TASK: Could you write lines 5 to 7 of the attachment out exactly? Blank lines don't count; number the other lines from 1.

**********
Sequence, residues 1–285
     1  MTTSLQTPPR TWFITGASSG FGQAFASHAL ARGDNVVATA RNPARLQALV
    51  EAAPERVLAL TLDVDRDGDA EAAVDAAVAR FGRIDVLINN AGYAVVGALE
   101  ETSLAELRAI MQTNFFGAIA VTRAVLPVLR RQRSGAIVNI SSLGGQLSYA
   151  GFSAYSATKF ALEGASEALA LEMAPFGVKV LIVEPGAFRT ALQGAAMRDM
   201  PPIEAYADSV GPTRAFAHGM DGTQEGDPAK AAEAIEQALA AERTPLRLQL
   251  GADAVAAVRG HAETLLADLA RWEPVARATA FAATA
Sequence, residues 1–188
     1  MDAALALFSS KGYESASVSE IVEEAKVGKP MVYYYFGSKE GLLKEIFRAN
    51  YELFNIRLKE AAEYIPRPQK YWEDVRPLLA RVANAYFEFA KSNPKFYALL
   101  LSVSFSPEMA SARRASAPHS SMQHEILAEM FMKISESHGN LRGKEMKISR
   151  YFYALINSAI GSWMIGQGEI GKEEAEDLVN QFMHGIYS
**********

   151  GFSAYSATKF ALEGASEALA LEMAPFGVKV LIVEPGAFRT ALQGAAMRDM
   201  PPIEAYADSV GPTRAFAHGM DGTQEGDPAK AAEAIEQALA AERTPLRLQL
   251  GADAVAAVRG HAETLLADLA RWEPVARATA FAATA